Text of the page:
A few months back, Microsoft announced at its Build 2017 developer conference that Ubuntu would be coming to Windows 10. The announcement sent shock waves through the tech community. The walled garden of Microsoft welcoming Linux? This was the stuff that only happened in dreams. And today, that dream has officially become a reality. The popular Linux distro is now available to download on the Windows 10 Store.
But this is only the first of what is to be the many Linux distros set to come to Windows 10. Microsoft also announced that following Ubuntu, we can expect to see SUSE Linux and Fedora coming to Windows 10 as well. These Linux distros will be running in a sandbox environment alongside Windows 10. Thus, when you install Ubuntu, you’ll get its famous command-line interface that now has shared access to files and hardware utilized by Windows 10. And therein lies the catch.
As it’s description in the Windows Store reads, “Ubuntu on Windows allows one to use Ubuntu Terminal and run Ubuntu command line utilities including bash, ssh, git, apt and many more.” If you’re a software developer, then that sentence would’ve made sense. For the rest of us, that might have sounded Greek – and that’s the point. The Ubuntu you find on the Windows Store isn’t the complete Linux distro.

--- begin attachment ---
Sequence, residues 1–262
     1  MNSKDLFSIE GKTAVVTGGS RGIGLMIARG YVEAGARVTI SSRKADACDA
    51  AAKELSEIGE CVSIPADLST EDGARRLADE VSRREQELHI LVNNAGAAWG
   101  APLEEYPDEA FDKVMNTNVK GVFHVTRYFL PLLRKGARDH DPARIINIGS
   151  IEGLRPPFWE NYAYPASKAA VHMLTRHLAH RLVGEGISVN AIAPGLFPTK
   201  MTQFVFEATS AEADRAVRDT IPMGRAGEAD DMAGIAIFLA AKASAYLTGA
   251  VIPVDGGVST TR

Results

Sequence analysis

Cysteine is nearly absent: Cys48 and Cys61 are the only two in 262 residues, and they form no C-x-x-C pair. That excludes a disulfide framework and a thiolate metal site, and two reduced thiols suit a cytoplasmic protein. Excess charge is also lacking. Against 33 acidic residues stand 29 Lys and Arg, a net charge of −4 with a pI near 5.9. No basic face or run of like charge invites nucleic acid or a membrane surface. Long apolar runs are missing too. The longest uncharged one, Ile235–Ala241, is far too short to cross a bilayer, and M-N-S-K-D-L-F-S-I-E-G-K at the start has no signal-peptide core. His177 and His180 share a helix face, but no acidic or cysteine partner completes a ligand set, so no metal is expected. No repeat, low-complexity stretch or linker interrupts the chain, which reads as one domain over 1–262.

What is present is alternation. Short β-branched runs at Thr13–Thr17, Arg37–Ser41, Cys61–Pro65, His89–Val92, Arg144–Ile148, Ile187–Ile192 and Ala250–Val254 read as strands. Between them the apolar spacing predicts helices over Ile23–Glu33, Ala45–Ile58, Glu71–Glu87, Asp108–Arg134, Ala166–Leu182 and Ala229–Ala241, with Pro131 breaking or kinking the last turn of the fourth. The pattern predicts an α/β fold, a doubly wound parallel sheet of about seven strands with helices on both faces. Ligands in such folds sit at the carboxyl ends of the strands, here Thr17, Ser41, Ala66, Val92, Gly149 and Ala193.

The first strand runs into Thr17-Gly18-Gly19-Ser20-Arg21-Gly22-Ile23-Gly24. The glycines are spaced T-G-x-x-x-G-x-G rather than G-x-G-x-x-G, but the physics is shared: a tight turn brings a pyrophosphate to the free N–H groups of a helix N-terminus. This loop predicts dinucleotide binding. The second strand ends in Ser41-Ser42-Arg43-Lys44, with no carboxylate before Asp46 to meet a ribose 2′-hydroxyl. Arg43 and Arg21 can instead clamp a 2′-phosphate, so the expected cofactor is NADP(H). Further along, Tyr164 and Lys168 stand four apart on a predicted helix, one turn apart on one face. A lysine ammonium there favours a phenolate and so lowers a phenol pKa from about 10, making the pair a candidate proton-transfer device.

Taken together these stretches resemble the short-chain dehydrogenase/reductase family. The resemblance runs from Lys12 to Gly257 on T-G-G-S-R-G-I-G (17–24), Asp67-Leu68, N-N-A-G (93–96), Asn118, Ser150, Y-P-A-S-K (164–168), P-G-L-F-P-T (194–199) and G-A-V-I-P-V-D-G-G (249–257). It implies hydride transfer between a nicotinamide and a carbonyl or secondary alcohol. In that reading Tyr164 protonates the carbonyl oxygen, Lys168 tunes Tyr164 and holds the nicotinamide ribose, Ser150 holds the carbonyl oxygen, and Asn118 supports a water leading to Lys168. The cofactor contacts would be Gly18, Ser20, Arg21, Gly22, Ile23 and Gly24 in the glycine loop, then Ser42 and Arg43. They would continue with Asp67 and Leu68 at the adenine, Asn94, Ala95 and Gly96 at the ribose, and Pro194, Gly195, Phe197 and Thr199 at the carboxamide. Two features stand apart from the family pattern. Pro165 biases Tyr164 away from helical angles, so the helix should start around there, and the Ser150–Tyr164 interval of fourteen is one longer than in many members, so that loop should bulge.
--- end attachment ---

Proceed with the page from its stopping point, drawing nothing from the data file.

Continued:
You won’t be able to run a separate Ubuntu installation inside Windows 10. The only Linux experience you’ll be getting with this is its famous command line because this isn’t made for everyone that is a fan of Linux. This is a tool for developers who wish to utilize the command-line environment and the core features of Ubuntu. In doing so, it can help them build apps with ease. As such, if you want a true Linux experience you’ll still need to run a dual-boot system.
But for those of you who are curious and have joined the Windows 10 Insider Program, you can download Ubuntu for Windows 10 on the Store here. If you wish to join the Windows 10 Inside Program, then click here. However, to install it, you’ll first have to navigate to Control Panel on your PC and navigate to the “Turn Windows features on or off” menu. Afterward, select the “Windows Subsystem for Linux” to let you run Ubuntu after rebooting your system.
Once you do, you’ll have the power to control Windows 10 with the famous Ubuntu Command Line and many of its core features. But if you want the complete Linux experience, you’ll still need either a Virtual Machine or setup a dual-boot system. In case you want to know what Linux does better than Windows, here are 13 answers to that question.